Things we’ve learned over the past couple of days…..
-it was something of a surprise when RHP Adam Kloffenstein was not added to the roster for October’s development camp. Turns out that the club decided to shut Kloff down after pitchign in the indy Constellation Energy League in Texas. Kloffenstein pitched in 4 games totalling 7 innings for the Sugarland Skeeters for former MLB slugger Pete Incaviglia, and 56 innings over 15 games for Team Texas, where multiple Cy Young winner Roger Clemens was at the helm. Between the two clubs, Kloffenstein faced numerous players with AAA experience, and compiled a 5.06 ERA. He fanned 60 in 64 innings while walking 33. He was punching above his weight, but fared reasonably well.
On the local front, the Barrie Baycats of Ontario’s Intercounty Baseball League added a former Blue Jays farmhand:
BAYCATS SIGN SOTILLIO FOR 2021 SEASON
By: Ryan Eakin / @ryaneak
BARRIE – The Barrie Baycats Baseball Club announced today that we have signed AAA catcher Andres Sotillo for the 2021 season.
FULL STORY 👉 https://t.co/xkkvj3odEg pic.twitter.com/bXPcIWMn5r— Barrie Baycats (@IBLBaycats) November 3, 2020
Pitchers in the Blue Jays system loved pitching to the veteran Sotillo, who with the depth in the system found himself out of a job this fall. He should be an incredible addition to the Barrie roster.
Over at Baseball America, BA’s Ben Badler had a chat about the Blue Jays organization. Some of the highlights:
-From instructs, a couple of hitters getting attention early on: Leo Jimenez, smooth shortstop who has lacked strength for a while but was driving the ball with more impact this year, and Will Robertson was hitting hitting well too.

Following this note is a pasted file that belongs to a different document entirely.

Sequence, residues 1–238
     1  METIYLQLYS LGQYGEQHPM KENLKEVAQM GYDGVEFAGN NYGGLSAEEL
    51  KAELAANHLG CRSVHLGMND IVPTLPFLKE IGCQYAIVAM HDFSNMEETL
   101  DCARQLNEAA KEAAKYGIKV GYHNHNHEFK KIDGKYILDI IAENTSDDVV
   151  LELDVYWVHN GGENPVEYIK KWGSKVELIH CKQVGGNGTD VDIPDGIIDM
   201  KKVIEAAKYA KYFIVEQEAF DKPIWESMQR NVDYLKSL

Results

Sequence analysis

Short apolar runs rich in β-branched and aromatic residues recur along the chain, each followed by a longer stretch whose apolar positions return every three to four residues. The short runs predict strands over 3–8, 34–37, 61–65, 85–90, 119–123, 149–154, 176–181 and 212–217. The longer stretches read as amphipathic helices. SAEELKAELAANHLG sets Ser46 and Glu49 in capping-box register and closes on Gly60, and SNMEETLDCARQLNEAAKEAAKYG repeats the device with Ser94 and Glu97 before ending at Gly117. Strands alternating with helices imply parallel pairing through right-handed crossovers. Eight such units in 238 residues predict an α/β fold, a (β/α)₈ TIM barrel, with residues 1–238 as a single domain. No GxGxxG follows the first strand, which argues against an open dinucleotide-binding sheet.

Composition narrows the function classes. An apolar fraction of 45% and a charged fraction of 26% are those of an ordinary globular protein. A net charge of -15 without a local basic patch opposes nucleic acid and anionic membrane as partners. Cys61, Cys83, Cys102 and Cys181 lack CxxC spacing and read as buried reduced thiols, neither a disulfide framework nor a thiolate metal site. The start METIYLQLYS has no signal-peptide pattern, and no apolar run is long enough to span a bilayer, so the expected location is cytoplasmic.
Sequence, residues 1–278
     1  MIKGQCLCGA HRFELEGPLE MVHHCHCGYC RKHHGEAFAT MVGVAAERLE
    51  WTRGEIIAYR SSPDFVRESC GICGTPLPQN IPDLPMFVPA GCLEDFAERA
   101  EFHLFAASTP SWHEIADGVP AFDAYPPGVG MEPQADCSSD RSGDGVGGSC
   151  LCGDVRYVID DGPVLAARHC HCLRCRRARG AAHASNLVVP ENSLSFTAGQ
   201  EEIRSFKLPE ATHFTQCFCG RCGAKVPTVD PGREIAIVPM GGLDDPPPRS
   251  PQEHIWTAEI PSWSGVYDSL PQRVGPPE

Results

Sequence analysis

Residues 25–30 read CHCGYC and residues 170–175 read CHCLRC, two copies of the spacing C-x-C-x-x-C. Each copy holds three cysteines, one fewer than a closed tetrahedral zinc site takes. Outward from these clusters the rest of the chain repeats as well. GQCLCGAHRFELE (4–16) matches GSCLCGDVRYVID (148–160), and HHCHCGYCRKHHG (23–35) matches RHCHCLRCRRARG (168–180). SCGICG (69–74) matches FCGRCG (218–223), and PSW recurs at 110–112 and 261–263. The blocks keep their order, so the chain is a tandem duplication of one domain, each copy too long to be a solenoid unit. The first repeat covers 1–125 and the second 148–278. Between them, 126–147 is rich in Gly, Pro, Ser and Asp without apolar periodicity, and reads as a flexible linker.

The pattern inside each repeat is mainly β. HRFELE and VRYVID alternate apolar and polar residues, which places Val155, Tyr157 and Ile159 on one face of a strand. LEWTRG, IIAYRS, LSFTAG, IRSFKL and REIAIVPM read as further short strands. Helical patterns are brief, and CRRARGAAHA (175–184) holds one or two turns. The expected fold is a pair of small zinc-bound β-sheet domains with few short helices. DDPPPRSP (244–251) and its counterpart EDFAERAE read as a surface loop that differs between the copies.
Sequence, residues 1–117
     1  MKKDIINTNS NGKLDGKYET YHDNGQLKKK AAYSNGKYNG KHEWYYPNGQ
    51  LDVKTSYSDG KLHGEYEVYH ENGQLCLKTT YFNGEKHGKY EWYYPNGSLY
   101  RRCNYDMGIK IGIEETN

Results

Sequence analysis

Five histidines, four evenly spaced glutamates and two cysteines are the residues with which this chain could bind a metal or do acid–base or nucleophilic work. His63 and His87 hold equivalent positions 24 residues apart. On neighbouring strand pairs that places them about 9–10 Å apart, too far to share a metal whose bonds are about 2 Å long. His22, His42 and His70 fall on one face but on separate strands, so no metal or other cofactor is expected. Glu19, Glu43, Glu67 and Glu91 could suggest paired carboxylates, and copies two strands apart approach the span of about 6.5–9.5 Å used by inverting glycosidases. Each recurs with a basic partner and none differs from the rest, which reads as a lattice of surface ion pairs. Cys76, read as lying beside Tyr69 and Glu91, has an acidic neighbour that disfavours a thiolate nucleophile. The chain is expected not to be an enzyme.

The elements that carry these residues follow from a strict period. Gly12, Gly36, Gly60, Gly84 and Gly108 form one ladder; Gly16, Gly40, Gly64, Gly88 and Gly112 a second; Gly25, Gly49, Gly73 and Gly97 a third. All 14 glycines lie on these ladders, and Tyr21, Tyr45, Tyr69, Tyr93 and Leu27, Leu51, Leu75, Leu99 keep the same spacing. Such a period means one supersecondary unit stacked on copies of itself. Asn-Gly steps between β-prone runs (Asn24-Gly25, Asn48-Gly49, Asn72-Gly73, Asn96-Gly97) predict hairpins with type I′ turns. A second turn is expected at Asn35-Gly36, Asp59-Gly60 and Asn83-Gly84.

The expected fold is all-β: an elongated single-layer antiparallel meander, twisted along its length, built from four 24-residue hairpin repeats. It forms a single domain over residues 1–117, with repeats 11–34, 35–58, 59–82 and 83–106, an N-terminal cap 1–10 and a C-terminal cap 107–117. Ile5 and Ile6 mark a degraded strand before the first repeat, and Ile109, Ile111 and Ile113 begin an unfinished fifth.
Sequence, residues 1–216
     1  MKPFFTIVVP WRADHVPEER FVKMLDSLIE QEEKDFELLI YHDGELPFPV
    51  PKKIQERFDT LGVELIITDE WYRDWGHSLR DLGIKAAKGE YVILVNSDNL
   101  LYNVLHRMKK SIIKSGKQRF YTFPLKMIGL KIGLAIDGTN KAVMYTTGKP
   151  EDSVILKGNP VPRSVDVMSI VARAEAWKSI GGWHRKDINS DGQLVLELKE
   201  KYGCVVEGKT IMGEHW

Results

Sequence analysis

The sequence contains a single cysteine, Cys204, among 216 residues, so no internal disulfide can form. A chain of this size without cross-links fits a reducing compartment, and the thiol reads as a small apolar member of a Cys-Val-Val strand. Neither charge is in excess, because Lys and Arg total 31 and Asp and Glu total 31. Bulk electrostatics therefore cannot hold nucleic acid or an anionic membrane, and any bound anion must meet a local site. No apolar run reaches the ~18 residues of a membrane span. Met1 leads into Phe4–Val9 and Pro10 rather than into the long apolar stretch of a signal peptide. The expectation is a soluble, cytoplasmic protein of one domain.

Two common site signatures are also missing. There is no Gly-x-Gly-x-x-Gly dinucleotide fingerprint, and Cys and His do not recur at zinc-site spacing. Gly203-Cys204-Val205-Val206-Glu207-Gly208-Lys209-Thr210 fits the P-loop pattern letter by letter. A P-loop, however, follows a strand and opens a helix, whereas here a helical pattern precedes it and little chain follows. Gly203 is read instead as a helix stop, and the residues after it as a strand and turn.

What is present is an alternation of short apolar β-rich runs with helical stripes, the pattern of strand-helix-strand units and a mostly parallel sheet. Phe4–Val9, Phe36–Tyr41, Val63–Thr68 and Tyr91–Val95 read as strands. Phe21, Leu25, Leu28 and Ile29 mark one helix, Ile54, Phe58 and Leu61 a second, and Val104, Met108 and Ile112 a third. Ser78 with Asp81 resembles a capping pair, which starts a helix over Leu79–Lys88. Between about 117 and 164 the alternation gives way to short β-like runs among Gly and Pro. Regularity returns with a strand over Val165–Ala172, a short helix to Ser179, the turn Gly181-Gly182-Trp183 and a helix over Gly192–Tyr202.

– Estiven Machado and Victor Mesia are two young 2019 international signings I think have breakout potential but aren’t as well known to the general public. Machado has a short stroke, twitchy athlete, well-rounded player in the middle of the diamond. Mesia is a catcher who should stick behind the plate and has a chance to hit with some power.
- (Austin) Martin is sort of a puzzle piece the Blue Jays will plug in based more on the construction of the other players on their major league roster than anything else. I think he’s going to develop mainly as a shortstop but with exposure to other positions like CF, 3B, 2B. Realistically, with Bo Bichette the incumbent at shortstop, I don’t see Martin ever playing there for the Blue Jays, so CF/3B/2B is most likely and may just depend how their roster is shaping up for 2022, 2023 and beyond.
- (asked about possible breakout prospects) I’ll go with Cristian Feliz, 6-5 corner outfielder the Blue Jays signed out of the Dominican Republic last year. Big time size, bat speed and raw power if it clicks.
Just last week, we learned that MLB was insisting on some significant restrictions on minor league travel. It would appear that they’ve backed off somewhat, but there are still areas of concern regarding getaway days.
MLB had said that getaway games had to start between 12 noon and 4 pm, which was not an appealing prospect in June, July, or August for teams in the south. Games, under the first proposal, could not start before 12 noon without the approval of the parent teams of both minor league teams involved. Thirsty Thursday and school group promotions were both threatened by this, but MLB has reversed itself. Now, getaway day games can start at late as 7:05 pm, provided neither team has to travel more than 150 miles to get to the next day’s game. If the trip exceeds 150, the start time will be moved back one minute for every mile beyond that.
MLB had originally insisted on two busses per road trip on trips of more than 250 miles, an arrangement some teams already had in place. But in some minor league cities, a “sleeper” bus can be hard to come by, so an availability and MLB preference clause has been added. Similarly, the original edict by MLB said that any team travel over 350 miles must be by air, but that now is subject to MLB preference.
The changes MLB proposed were in the name of improving playing conditions for their prospects, but the terms could be challenging to the finances of some MLB clubs.
We’re still awaiting details about the restructuring of minor league baseball – which teams will shift affiliations, and which minor league cities will be dropped. Things seems fairly set from a Blue Jays perspective, but for other teams no so much:
As next Friday’s 40-man roster freeze approaches, we expect some activity in the Blue Jays system, as the club decides which prospects will be protected from December’s Rule 5 draft.